In the days leading up to the Cy Young Award announcements, a few New York Met fans I spoke with at my office were convinced that R.A. Dickey was not going to win simply because he threw a knuckleball. Happily, that turned out not to be the case as Dickey won in a rout, garnering 27 of 32 first place votes. Knuckleball practitioners everywhere probably rejoiced seeing one of their own winning the most prestigious pitching award in baseball. With that in mind, I would like to take a look at the career of Wilbur Wood, a player who sadly, I never got a chance to see pitch, his career over after the 1978 season.
When we think of knuckleballers from Ted Lyons to Hoyt Wilhelm to Phil Niekro to Tim Wakefield, the one thing they had in common is that they were right-handed. The one guy I think of that was a left-handed knuckleball pitcher over the last 40 years is Wilbur Wood. All of the pitchers mentioned in the previous sentence seem to get more recognition that Wood, who enjoyed his best seasons with the Chicago White Sox. That is a crime. You know, when they talk about all-time pitching seasons, we hear Bob Gibson in 1968, Steve Carlton in 1972, Ron Guidry in 1978, Dwight Gooden in 1985 and Justin Verlander in 2011 among others. How about Wilbur Wood in 1971? He started 42 games, relieved in two others and had 22 complete games. The total number of innings pitched was 334 and the ERA was, get this 1.91. That’s right 334, a number that is about 70-80 more innings than what the top guy does today with an ERA under 2.00. Maybe the record of 22-13 holds down the amount of respect that deserves to go Wood’s way. Want more eye-popping stats? When you combine the number of innings pitched in 1972 and 1973, you come up with an astounding 736. He led the American League with 24 victories in both of those seasons. In fact, he won 20 or more games in four straight seasons from 1971 through 1974. In those four seasons, he pitched over 300 innings in every one of them. In three of those years, he finished in the top five in the Cy Young voting.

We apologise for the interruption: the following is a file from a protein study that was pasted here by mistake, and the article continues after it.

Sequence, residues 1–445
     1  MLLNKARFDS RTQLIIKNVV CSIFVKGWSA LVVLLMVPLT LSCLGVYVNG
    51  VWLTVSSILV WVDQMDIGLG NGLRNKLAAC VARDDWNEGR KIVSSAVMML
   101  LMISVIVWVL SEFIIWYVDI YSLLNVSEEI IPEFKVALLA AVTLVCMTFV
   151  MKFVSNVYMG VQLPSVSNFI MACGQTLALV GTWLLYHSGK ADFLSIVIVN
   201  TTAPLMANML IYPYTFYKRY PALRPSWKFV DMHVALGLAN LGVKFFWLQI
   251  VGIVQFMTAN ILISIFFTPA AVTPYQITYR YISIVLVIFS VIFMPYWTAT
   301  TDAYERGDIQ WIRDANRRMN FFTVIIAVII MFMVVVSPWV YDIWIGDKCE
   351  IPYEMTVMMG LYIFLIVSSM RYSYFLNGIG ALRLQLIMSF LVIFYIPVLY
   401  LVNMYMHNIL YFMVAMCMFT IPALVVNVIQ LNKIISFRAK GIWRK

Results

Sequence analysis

Perhaps because Wood’s period of excellence was relatively short is why he tends to get overlooked. After that 1974 season, Wood won 16 games in 1975 and then only 21 over the last three seasons of his career. Still that is no reason why his dominance in the early part of the 1970’s should be dismissed. After all, the idea is wins and getting hitters out and over that four-year stretch, there wasn’t many pitchers in baseball that were better than Wilbur Wood.
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